On the multi-dimensionality of Euroscepticism, when we look at the evaluations of Italian respondents of the current direction of the EU, they are indeed quite pessimistic. Figure 1 below shows the share of Italian respondents compared to those in some other member state that think that the EU is moving in the wrong direction based on the eupinions data since July 2015. The data suggest that Italian respondents are indeed negative about EU direction, in March of this year 76 per cent think EU is moving in the wrong direction. Italian respondents are also more sceptical than those from other member states. That said, by comparison, Italian respondents today are less sceptical than they were in the past. During the height of the refugee crisis in July 2015, for example, 90 per cent of Italian respondents were of the opinion that the EU was moving in the wrong direction.
Figure 1: Is the EU moving in the right direction?
Yet, we need to remember that Euroskepticism is multi-dimensional. It is not only about evaluating the current direction of the EU, but also about what people want from the EU in the future. If we check the preferences of Italian respondents about more political and economic integration, a quite different picture emerges. Figure 2 suggests that Italian respondents are in fact the more supportive of further political and economic integration in Europe compared to those from other member states. In March this year, 71 per cent of Italians respondents state that they wish to see more political and economic integration in Europe.
Figure 2: Should there be more political and economic integration in Europe?
The data thus far suggest that Italians are ambivalent about EU: they are unsatisfied about the current direction, but wish to see more, not less, integration in the future. Against this backdrop, it will be interesting to see how Italian respondents will react to the recent Commission recovery plans.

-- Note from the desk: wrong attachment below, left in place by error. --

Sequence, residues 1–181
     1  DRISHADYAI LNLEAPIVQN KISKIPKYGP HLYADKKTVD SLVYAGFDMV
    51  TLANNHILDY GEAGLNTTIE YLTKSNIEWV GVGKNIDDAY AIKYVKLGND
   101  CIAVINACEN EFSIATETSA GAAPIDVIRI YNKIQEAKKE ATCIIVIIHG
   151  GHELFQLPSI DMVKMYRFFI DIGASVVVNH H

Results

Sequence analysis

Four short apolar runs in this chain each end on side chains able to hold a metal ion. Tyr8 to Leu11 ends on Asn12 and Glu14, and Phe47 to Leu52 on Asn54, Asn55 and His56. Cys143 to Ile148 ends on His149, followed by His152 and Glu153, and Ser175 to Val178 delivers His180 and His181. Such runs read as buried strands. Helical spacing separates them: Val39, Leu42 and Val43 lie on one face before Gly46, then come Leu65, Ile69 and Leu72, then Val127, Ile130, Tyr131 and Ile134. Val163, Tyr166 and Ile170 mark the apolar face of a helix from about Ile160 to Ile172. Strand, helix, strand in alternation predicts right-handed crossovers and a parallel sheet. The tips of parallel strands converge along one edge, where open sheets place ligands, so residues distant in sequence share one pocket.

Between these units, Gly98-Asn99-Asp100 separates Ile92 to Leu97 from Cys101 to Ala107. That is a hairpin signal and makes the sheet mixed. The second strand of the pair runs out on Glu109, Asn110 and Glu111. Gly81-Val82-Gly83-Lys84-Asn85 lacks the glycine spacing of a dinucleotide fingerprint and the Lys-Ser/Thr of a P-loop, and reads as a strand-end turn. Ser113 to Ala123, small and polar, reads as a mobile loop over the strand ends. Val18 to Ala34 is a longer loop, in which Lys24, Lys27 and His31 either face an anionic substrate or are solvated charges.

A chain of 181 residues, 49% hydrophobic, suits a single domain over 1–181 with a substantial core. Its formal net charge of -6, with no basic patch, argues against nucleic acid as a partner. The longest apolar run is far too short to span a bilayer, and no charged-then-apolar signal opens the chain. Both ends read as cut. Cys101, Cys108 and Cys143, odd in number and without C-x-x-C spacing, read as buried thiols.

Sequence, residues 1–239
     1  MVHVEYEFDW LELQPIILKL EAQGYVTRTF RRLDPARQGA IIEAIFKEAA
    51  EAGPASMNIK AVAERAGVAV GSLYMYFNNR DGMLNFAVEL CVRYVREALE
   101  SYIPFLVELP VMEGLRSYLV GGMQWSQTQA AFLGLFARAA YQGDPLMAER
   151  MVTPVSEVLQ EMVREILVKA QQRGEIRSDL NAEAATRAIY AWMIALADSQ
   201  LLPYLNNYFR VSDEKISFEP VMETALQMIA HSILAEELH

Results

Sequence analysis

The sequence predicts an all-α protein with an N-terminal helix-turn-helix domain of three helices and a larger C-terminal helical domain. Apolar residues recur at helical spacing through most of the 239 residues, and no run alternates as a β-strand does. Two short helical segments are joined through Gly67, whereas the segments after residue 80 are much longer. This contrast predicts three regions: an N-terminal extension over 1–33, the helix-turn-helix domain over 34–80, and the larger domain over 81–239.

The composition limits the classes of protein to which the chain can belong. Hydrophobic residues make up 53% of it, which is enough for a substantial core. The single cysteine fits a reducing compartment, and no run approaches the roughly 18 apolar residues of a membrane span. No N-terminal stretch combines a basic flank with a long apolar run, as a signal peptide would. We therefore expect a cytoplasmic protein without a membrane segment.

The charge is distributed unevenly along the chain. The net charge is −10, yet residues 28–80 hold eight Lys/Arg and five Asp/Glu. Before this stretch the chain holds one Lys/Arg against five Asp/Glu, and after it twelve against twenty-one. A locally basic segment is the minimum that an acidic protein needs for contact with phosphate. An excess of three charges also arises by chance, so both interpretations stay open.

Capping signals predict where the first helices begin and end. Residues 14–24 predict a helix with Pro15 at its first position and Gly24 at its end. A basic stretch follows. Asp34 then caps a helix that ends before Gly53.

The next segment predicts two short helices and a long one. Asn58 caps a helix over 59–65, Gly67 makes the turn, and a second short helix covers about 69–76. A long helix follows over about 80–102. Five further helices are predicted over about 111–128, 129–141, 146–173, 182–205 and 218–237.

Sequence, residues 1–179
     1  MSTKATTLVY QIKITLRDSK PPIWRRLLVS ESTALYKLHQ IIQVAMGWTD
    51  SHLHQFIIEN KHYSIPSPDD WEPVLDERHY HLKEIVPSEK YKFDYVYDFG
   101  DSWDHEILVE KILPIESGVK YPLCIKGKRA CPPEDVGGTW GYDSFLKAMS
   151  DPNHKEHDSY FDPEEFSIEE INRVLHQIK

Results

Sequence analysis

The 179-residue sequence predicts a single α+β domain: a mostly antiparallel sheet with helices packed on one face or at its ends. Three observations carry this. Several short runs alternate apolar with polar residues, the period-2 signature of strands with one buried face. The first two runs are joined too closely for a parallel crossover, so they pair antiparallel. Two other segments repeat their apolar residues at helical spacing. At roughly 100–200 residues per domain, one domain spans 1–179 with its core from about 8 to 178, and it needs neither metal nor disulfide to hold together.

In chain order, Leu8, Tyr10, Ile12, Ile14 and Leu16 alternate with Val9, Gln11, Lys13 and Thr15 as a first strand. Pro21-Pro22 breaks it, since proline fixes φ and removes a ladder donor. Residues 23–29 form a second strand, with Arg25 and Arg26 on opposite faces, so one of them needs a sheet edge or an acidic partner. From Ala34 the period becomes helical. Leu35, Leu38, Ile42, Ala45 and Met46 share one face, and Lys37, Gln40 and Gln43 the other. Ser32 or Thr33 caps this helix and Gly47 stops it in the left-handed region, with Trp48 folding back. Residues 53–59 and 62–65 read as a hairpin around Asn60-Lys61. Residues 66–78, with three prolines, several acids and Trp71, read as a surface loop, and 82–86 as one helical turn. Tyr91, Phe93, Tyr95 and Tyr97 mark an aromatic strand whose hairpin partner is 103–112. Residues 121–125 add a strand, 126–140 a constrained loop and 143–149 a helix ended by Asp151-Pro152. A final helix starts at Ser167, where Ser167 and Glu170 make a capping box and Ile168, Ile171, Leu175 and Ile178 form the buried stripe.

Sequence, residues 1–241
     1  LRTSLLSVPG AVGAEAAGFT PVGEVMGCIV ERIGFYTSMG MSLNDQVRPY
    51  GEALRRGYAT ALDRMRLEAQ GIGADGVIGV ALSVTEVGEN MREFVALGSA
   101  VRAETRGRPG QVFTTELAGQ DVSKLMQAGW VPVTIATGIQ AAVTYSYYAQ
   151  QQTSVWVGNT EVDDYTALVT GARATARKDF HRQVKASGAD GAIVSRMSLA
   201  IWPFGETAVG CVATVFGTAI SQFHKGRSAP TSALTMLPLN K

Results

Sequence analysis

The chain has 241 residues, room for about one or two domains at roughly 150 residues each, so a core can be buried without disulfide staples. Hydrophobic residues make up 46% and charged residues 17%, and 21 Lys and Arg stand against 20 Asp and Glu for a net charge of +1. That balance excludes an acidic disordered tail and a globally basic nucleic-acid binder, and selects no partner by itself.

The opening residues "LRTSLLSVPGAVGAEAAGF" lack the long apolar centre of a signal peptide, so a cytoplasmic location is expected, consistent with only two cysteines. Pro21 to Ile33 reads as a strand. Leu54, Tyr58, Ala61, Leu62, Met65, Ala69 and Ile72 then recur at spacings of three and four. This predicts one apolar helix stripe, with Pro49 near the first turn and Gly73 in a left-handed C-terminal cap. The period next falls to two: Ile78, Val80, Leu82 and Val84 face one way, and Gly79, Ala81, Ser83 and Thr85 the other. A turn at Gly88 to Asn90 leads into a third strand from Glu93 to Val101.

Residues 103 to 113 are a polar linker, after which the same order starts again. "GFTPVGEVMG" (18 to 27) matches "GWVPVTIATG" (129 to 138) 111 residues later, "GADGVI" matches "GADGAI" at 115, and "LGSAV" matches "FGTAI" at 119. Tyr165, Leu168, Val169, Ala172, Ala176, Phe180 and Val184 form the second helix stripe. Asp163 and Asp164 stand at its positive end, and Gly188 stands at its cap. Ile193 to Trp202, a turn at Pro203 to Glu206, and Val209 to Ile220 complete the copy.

Next to multi-dimensionality, we need to think about Euroskepticism in relationship to how people view their own country. My work suggests that Euroskepticism becomes more pronounced when people are very satisfied about own country. This is because they think there would be a viable alternative to EU membership. When we look at how Italian respondents evaluate the direction of their own country, see Figure 3, it becomes clear that they are relatively less satisfied with their own country. Only 18 per cent of Italian respondents think that their country is moving in the right direction in March this year. The same is true when we look at how satisfied Italian respondents are about the state of democracy in Italy. Only 31 per cent of Italian respondents are satisfied with democracy in their own country.
Figure 3: Is the country moving in the right direction?
Relative to the national system, Italian respondents actually evaluate the EU more positively. While important individual and regional variation of course exist, it is clear that public Euroscepticism is not as straightforward as it might seem. Simply, concluding that Italian respondents are Eurosceptic misses an important point: being dissatisfied with what the EU does currently, does not mean rejecting the idea of European integration. In fact, Italians want more integration in Europe, not less.
This post represents the views of the author and not those of the Brexit blog, nor the LSE. Image by Elliott Brown: Some rights reserved.
You can spin it, graph it, pie chart it until the sun goes down
Italy is at 175% gdp in debt.
They cannot bail out.